0421 6292 Nev. de los Piuquenes (6017m) Méson San Juan
0418 6288 Co. Pirámide (5520m) Co. Piuquenes (5417m)
0432 6298 Co. Pabellón (6152m) Co. Negro (6152m)

The Turistel route map confirms the name ‘Co. San Juan’ for the peak at 0422 6296, while the Guía de Excursiones asserts that ‘Méson San Juan’ is the Argentinian name for the Nev. de los Piuquenes. In fact the peaks at 0422 6296 and 0421 6292 are not separate mountains at all to judge from contour lines but summits of the same mountain with very little reascent between them.

Published altitudes for accessible places are often correct (we don’t speak for mountain summits). GPS is not needed.


The tarmac roads in both countries are good. The rough roads are known locally as ripio, whose literal meaning of ‘rubbish’ or ‘rubble’ is a fair indication of their quality, although they vary a lot and new ones are okay. We found the ripio less frustrating to ride than in the Lake District not because it was better, but because the greater hilliness at least gave us the feeling of vertical progress.


Food in both countries was better than we found in the Lakes in 1997, presumably because we were in a more metropolitan area. The Chilean food varied from acceptable to very good (at Lo Valdés), the Argentinian from acceptable to excellent (Buenos Muchachos at Mendoza).

The Chileans dine late, and the Argentinians insanely late. Breakfast was often a disappointment.


Chilean and Argentinian wines are widely available outside the continent. Those from Argentina are less established; they have a mouth-coating quality due to their strength. We prefer them to the Chilean wines, and found the whites sometimes delicious. Some restaurants in Mendoza have superb wine lists.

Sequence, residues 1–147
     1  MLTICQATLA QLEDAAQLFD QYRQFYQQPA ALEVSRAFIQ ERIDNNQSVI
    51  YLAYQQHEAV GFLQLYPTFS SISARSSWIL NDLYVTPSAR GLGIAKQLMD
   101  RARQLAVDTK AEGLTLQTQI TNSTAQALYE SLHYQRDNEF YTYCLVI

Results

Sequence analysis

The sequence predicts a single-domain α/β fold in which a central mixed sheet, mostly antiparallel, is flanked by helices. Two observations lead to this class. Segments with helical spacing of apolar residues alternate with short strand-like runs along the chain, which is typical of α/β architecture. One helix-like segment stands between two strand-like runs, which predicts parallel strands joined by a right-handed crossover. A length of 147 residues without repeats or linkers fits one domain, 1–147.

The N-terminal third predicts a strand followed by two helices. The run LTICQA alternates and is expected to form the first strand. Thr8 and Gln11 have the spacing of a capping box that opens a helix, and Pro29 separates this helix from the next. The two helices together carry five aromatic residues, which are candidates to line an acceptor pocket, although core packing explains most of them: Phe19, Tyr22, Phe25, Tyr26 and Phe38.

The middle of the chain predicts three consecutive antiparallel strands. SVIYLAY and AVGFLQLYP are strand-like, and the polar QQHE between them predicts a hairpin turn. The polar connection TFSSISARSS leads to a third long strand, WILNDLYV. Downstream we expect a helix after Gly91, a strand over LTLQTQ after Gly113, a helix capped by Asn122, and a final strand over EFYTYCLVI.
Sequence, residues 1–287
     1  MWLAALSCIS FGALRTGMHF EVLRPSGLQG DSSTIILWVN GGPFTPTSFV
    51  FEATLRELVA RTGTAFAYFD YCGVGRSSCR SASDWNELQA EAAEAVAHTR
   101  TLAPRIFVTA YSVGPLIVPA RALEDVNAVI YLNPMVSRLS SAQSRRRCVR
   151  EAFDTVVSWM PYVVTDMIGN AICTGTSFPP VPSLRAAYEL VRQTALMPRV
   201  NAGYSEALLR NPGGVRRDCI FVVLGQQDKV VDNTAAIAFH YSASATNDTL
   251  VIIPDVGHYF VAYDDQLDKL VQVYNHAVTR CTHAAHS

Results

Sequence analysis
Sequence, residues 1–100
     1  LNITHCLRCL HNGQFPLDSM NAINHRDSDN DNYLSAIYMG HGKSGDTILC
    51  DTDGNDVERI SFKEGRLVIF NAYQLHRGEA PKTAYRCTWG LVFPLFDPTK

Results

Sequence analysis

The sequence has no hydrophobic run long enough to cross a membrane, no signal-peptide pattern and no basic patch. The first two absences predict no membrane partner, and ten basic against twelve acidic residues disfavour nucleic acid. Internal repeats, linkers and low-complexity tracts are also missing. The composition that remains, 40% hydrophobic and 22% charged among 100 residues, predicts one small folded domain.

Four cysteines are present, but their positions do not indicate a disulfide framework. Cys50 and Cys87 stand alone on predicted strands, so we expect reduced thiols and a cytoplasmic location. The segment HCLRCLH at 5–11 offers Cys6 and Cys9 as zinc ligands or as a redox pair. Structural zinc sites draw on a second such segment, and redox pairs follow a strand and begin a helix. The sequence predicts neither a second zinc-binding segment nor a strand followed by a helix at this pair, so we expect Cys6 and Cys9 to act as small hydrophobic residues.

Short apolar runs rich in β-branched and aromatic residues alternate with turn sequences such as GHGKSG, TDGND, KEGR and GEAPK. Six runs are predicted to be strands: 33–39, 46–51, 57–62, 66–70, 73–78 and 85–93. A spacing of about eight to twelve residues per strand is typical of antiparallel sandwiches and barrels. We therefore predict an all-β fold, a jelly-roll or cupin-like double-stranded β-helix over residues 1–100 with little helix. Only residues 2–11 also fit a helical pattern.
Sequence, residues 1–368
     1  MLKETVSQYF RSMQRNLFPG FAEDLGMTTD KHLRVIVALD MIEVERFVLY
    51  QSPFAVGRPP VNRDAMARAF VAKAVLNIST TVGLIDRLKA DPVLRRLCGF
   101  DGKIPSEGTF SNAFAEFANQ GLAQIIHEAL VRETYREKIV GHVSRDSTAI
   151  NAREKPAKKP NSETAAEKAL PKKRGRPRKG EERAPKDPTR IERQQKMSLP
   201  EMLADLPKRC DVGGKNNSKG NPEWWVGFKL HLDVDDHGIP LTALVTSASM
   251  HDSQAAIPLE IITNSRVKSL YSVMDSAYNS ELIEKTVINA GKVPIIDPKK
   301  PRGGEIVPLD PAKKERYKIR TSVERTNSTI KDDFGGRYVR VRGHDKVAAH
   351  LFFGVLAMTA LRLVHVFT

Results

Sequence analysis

The beer is fairly pleasant.

The coffee gap seems to have narrowed between the two countries since our last visit, when Chile offered nothing but Nescafé and Argentina nothing but good quality Italian-style coffee. Fresh coffee is occasionally available in Chile (as café café), though the beans are usually low quality robusta. On the other hand although the Argentinians haven’t yet stooped to Nescafé the beans were not as good as we remembered.


We stayed in hotels except for 5 successive nights camping on the return leg. We never worked out cabañas and never succeeded in staying at any.


Local currency can be withdrawn from 24-hour ATMs in most towns. Credit cards are not widely accepted, necessitating the carrying of large amounts of cash. At the time of our visit there were 5 Argentinian and 1000 Chilean pesos to the UK pound.

Argentina is inexpensive except for swanky hotels, Chile middling.


Chile has always been relatively safe.

Argentina used to be so until the economic crisis of 2001/2, when unemployment led to a wave of crime which has not subsided. There is a murder per day in Mendoza province, and this is the main concern in local politics. A Mendocino lady told us that she was unwilling to set foot out of doors after 5pm.

I don’t know how much tourists are at risk from this. Mendoza certainly doesn’t feel like a city under siege: plenty of people lead their normal outdoor lives in the carefree latin way the climate is made for. The authorities are clearly trying to bring the situation under control, with policing much in evidence.